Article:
Feds again nix health care for gay worker’s wife
Associated Press Writer
SAN FRANCISCO (AP) – The US Office of Personnel Management still thinks it can’t authorize health care coverage for the same-sex spouse of a federal court employee even though a judge has ordered the agency to do, a government lawyer said Friday.
Elaine Kaplan, the office’s general counsel, said in a statement issued Friday that the Department of Justice has determined that the 1996 Defense of Marriage Act supersedes the recent ruling by Ninth U.S. Circuit Court of Appeals Chief Judge Alex Kozinski. DOMA, as the law is known, prohibits the government from recognizing same-sex unions.
“As the President has explained, the Administration believes that this law is discriminatory and needs to be repealed by Congress,” Kaplan said.
The dispute involves Karen Golinski, a staff lawyer at the 9th Circuit’s San Francisco headquarters. Earlier this year and again last month, Kozinski ruled that Golinski is entitled to enroll her wife in her employer-sponsored health plan because the court has a policy prohibiting discrimination against gay workers.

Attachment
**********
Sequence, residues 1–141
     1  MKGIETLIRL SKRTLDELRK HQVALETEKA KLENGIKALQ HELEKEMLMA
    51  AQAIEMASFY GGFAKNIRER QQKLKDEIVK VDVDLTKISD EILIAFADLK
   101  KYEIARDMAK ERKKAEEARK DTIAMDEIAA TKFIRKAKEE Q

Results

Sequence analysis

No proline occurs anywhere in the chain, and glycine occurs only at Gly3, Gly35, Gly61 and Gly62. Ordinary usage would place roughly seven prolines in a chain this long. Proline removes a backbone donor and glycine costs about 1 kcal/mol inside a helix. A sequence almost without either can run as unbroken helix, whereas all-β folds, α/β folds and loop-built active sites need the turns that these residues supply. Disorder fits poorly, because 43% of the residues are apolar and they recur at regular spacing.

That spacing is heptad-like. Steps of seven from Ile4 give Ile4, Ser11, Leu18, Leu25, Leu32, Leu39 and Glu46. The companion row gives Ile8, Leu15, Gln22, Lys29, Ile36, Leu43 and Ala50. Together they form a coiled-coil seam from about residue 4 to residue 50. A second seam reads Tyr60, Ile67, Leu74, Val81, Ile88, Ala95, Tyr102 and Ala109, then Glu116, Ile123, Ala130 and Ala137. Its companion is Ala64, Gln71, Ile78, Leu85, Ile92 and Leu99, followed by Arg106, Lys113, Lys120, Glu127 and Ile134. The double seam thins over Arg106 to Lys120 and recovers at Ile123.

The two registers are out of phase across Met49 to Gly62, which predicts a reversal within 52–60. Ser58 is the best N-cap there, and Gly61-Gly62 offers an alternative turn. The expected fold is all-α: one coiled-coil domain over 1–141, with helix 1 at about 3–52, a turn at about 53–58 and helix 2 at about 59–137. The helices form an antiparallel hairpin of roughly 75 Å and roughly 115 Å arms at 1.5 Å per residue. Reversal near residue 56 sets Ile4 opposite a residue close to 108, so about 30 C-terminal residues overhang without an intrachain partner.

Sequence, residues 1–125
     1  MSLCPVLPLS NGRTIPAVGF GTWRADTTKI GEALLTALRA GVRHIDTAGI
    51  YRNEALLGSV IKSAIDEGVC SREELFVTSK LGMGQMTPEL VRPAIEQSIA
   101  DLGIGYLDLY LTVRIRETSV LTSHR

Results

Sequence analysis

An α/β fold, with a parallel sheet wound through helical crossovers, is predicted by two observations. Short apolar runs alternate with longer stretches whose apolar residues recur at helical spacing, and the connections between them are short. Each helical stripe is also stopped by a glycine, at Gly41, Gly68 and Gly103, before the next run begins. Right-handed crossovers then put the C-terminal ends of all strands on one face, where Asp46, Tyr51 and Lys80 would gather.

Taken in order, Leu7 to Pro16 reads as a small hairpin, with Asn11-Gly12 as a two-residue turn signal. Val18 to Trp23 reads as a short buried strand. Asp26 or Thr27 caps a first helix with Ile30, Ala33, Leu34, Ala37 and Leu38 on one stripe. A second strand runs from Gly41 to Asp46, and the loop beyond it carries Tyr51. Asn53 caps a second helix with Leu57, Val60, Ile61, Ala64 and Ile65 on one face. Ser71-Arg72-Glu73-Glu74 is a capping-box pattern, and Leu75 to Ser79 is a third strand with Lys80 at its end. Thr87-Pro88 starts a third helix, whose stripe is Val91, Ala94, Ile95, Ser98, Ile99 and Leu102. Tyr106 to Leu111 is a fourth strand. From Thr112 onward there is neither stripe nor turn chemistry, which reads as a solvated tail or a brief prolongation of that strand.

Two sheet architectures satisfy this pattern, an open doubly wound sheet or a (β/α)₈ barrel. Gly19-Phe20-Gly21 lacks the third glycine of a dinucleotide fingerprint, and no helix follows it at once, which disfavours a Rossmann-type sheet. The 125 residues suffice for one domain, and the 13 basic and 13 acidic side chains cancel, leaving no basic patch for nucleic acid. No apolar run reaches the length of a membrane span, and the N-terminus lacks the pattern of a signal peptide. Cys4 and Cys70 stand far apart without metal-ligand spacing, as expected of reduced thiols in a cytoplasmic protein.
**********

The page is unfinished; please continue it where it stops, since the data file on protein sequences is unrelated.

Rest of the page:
Because the judge was acting in an administrative role as an employer instead of in a court case, his order “does not supersede our obligation to comply with existing law because it is not binding on OPM,” Kaplan said.
Golinski’s lawyer, Jennifer Pizer of the gay rights group Lambda Legal, disagreed that Kozinski’s determination was any less authoritative because it arose out of an employee benefits dispute.
“The question we have for OPM and DOJ is, are you really saying that employees of these federal agencies have greater authority, a greater capacity to interpret the requirements of federal law than a dully appointed…judge who is also the chief judge of the circuit?” Pizer said.
Although Kozinski’s ruling applied only to Golinski’s situation, it has gotten a lot of attention because President Barack Obama has pledged to champion gay rights issues and John Berry, the director of the Office of Personnel Management, is the highest-ranking gay official in the administration.
Despite OPM’s resistance, the situation could soon be resolved. Congress is considering a bill that would extend health and retirement benefits to the same-sex spouses and domestic partners of government employees. Berry has said he expects to come up for a vote next year.